The performance is complete with the original announcer’s comments at the beginning of the program, and one gets a delightful sense of nostalgia for an era of cultural awareness and appreciation that has long since disappeared from the American mindset. In spite, however, of the historical significance of this broadcast, we are still faced with a number of problems that I would be remiss not to mention.

First, let us deal with the primitive sound of the recordings themselves. Although it is obvious that every possible care has been taken to preserve and enhance these aging masters, there are many lengthy passages, particularly the busy contrapuntal sections in the Gloria and Credo that are simply a blur of nearly indistinguishable notes and words. Historic or not, these passages are nearly unlistenable and severely detract from whatever enjoyment one may derive from this performance. The lack of balance between choir and orchestra, and even between the sections of the orchestra itself is also problematic. There is no shortage of episodes where the brass simply blare away and the strings and winds are left in the dust. Furthermore, despite the sublime singing of Jussi Bjoerling and Alexander Kipnis, we are still left with Zinka Milanov, who could never muster more than an ounce of subtlety. She bellows and swoops her way through the score with no sensitivity to the text to be found. Mezzo Bruna Castagna fares better, but she is often buried in the quartet.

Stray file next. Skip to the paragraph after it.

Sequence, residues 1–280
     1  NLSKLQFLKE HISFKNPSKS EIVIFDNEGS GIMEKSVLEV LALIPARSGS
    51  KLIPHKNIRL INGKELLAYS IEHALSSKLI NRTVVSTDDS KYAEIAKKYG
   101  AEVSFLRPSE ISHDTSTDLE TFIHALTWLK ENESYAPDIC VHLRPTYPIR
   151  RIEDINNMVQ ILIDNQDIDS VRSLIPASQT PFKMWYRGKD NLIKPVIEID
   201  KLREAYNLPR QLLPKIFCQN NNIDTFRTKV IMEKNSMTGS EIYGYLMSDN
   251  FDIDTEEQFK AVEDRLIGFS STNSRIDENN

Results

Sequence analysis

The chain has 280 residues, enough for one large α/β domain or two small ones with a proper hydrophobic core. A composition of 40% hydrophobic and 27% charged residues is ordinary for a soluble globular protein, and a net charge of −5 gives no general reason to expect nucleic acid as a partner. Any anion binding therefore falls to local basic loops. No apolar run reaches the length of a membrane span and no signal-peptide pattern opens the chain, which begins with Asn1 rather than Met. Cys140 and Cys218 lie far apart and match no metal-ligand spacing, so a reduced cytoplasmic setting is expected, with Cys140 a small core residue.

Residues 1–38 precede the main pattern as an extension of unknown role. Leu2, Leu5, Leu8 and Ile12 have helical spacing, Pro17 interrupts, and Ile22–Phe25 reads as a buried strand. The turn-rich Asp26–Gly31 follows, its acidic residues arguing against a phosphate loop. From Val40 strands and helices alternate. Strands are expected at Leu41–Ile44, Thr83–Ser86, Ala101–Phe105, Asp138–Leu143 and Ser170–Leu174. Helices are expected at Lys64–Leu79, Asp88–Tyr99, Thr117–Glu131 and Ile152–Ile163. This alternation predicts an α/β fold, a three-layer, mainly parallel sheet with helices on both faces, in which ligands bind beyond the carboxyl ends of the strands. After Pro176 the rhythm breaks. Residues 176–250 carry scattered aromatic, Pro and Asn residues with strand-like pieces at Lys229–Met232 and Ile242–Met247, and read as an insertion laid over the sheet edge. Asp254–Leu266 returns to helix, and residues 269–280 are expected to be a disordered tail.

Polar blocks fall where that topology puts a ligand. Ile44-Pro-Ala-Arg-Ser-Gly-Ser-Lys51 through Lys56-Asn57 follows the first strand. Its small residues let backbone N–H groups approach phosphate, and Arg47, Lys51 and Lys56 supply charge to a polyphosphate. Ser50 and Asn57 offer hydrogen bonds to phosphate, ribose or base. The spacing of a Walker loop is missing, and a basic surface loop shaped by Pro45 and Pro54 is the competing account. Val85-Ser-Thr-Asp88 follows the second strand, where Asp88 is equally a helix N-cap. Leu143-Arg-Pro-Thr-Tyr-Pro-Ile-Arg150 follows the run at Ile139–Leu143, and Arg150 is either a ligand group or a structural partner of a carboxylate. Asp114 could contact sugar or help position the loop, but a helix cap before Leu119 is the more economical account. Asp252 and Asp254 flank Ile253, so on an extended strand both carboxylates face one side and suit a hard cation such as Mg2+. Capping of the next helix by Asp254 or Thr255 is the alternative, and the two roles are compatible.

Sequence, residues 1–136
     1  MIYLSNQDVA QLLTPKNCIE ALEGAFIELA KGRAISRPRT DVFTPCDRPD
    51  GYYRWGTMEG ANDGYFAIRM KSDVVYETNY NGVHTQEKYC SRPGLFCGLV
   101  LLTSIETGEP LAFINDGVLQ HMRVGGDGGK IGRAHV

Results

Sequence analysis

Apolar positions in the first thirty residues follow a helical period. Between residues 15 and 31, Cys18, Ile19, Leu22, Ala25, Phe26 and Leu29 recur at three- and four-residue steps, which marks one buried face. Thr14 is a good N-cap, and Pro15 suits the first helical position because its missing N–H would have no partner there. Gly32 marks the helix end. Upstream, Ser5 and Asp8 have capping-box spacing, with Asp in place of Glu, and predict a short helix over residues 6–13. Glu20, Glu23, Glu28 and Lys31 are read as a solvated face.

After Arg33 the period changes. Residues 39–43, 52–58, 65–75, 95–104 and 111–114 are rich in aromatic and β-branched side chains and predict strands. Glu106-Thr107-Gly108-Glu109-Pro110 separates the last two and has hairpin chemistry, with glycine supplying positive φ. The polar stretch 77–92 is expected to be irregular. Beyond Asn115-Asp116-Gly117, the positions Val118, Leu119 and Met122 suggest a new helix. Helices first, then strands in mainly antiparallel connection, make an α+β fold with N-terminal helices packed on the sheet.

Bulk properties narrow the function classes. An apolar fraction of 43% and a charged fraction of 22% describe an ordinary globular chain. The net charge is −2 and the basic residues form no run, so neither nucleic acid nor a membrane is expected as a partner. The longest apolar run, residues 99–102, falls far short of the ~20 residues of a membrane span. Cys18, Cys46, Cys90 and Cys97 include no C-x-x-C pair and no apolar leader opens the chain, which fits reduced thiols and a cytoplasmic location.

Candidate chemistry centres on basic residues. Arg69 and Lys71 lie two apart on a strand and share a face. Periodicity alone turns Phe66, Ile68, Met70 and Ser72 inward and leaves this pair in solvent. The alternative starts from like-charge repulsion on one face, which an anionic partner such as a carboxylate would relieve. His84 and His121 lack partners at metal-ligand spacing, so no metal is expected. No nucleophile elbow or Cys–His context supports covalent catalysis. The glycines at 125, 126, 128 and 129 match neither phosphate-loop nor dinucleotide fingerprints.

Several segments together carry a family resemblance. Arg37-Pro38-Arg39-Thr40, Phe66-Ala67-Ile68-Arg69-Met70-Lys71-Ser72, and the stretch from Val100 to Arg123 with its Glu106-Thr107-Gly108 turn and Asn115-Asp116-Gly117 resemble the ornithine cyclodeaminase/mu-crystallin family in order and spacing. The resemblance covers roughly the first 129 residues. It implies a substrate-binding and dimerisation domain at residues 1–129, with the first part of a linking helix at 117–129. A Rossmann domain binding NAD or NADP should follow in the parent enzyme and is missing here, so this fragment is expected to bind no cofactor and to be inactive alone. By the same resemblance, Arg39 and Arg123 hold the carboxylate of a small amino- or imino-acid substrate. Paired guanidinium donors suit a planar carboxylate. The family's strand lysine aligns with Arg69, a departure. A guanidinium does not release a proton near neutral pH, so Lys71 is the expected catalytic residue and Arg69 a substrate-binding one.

The award for superior performance must go to NBC symphony concertmaster Mischa Mischakoff for his stunningly beautiful rendition of the lengthy aria for violin at the beginning of the Benedictus. His simple and unaffected playing is a welcome relief to the posturing and shouting to which we have been subjected for more than an hour heretofore.

The Westminster Choir under John Finley Williamson was considered to be the state of the art in those days, but his woofy, bellowing style of choral singing has long since become passé, and by the end of the score, one starts to feel for the bleeding throats of his singers.